UC Berkeley press release


Flaw found in cellphone encryption; algorithm for digital telephones fails under simple cryptanalysis

by Robert Sanders

Berkeley -- Researchers have discovered a flaw in the privacy protection in today's most advanced digital cellular phones, pointing to serious problems in the closed-door process used to develop these privacy measures.

This discovery is a setback to the U.S. cellular telephone industry, said Bruce Schneier of Counterpane Systems, a Minneapolis, Minn., consulting firm specializing in cryptography. The attack can be carried out in a few minutes on a conventional personal computer.

Schneier and John Kelsey of Counterpane Systems, along with graduate student David Wagner of the University of California at Berkeley, plan to publish their analysis in a paper entitled "Cryptanalysis of the Cellular Message Encryption Algorithm (CMEA)."

Wagner is a founding member of the ISAAC (Internet Security, Applications, Authentication and Cryptography) computer security research group at UC Berkeley. In the fall of 1995 the ISAAC group, led by assistant professor of computer science Eric Brewer, made headlines by revealing a major security flaw in Netscape's web browser.

The House of Representatives' Subcommittee on Courts and Intellectual Property is scheduled to hold hearings Thursday (3/20) on Rep. Robert Goodlatte's (R-VA) "SAFE" (Security And Freedom through Encryption) bill, HR 695, which would amend title 18 of the United States Code to affirm the rights of United States citizens to use and sell encryption and to relax export controls on encryption.

The cellphone problem affects numbers dialed on the keypad of a cellular handset, including any telephone, PIN, or credit card numbers dialed. The new security system was supposed to protect the privacy of these dialed digits, but the encryption is weak enough that the digits are accessible to eavesdroppers with a digital scanner.

The cryptographers blame the closed-door design process and excessive pressure from U.S. military interests for problems with the privacy standard. The cellular industry has attempted to balance these national security pressures with consumer privacy concerns.

The new framework for protecting the next generation of cellular phones was designed privately by the cellular standards arm of the Telecommunications Industry Association (TIA) in an attempt to eliminate recurring security problems. The system uses encryption to prevent fraud, scramble voice communications, and protect users' privacy. The new protections are being deployed in today's digital cellphones, including CDMA, NAMPS and TDMA.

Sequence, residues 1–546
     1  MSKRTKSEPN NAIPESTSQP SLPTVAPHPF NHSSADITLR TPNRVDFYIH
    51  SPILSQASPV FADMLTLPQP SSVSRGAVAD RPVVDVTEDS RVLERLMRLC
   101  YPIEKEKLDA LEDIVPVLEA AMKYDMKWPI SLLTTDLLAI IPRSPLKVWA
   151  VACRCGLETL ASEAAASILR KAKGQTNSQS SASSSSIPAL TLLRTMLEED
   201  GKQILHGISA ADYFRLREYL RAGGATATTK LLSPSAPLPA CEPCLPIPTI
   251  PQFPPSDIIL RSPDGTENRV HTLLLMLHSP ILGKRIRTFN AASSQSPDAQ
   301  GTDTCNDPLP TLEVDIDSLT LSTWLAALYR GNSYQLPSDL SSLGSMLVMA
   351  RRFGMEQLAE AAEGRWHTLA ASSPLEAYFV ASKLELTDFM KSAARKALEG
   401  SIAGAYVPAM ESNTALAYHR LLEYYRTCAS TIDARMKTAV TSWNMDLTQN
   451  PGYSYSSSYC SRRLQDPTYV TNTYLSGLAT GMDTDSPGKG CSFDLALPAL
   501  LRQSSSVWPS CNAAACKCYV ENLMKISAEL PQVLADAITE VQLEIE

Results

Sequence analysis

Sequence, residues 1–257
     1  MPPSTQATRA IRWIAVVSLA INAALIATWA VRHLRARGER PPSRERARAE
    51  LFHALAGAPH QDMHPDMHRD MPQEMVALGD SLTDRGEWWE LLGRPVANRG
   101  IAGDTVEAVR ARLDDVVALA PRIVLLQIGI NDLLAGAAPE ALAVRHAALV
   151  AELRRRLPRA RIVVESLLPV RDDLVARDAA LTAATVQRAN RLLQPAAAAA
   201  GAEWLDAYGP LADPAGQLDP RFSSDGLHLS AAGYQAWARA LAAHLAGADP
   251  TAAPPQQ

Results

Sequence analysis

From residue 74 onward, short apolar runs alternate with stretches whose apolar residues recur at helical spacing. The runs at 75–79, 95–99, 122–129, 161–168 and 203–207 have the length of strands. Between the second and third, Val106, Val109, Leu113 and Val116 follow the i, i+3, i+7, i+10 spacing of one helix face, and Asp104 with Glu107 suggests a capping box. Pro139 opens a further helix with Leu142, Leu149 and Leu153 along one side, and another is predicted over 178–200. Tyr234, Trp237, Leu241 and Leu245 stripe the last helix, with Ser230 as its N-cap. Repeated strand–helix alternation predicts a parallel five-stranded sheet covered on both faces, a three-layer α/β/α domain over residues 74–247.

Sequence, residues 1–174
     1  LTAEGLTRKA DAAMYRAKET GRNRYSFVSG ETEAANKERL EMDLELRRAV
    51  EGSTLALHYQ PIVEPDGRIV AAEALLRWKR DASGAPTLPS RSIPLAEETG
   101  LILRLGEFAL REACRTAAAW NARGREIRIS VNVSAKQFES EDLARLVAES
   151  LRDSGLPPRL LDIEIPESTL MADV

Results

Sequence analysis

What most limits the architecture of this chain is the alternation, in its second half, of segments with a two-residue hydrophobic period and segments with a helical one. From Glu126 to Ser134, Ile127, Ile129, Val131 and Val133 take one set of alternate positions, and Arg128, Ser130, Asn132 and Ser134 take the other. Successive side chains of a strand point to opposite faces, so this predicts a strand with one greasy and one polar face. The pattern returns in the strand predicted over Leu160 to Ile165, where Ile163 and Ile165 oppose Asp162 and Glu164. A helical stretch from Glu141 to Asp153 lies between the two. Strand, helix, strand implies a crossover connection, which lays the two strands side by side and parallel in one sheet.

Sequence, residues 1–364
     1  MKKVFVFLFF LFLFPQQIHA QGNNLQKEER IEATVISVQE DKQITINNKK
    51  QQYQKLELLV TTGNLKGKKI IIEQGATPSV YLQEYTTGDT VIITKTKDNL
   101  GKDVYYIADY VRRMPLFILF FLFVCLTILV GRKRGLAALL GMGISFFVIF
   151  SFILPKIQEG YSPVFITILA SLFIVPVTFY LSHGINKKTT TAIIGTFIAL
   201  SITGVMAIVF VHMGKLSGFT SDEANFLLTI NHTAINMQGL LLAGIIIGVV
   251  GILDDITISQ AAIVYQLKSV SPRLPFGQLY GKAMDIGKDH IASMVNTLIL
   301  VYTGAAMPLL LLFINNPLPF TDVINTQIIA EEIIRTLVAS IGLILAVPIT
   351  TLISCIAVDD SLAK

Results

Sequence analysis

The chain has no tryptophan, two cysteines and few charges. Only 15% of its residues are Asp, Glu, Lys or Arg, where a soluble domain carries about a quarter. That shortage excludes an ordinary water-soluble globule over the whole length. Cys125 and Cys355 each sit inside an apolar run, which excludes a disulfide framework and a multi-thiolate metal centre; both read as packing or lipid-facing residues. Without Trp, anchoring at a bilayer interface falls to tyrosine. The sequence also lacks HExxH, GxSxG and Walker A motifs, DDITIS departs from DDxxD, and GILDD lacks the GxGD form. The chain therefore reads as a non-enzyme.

As early as 1992, others -- including noted expert Whitfield Diffie -- pointed out fatal flaws in the new standard's voice privacy features. The two flaws provide a crucial lesson for policymakers and consumers, the researchers said. According to UC Berkeley's Wagner, these weaknesses are symptomatic of broad underlying problems in the design process.

This is not the first report of security flaws in cellular telephony. Today, most cellular phone calls can be intercepted by anyone in the area listening to a scanner, as House Speaker Newt Gingrich learned this past January when someone with a scanner recorded one of his cellular calls. According to Federal Communications Commission estimates, the cellular telephony industry lost more than $400 million to fraud and security problems last year.

CMEA is a symmetric cipher, like the Digital Encryption Standard (DES). It uses a 64-bit key, but weaknesses in the algorithm reduce the key to an effective length of 24 or 32 bits, significantly shorter than even the weak keys which the U.S. government allows for export.

Greg Rose, program chair of the 1996 USENIX Security Symposium, put the results in context: "This break does not weaken the digital cellular fraud protections. And it's still true that digital cellular systems are much harder to casually eavesdrop on than analog phones. But it's clear from this break that a determined criminal with technical resources can intercept these systems."

Counterpane Systems is a consulting firm based in Minneapolis, specializing in cryptography and computer security. Schneier is president of Counterpane and author of three books on cryptography and security.


Bruce Schneier can be reached at 612-823-1098 or schneier@counterpane.com. David Wagner can be reached at 510-643-9435 or daw@cs.berkeley.edu. Or contact Lori Sinton, Jump Start Communications, 415-938-2234, lsinton@aol.com.

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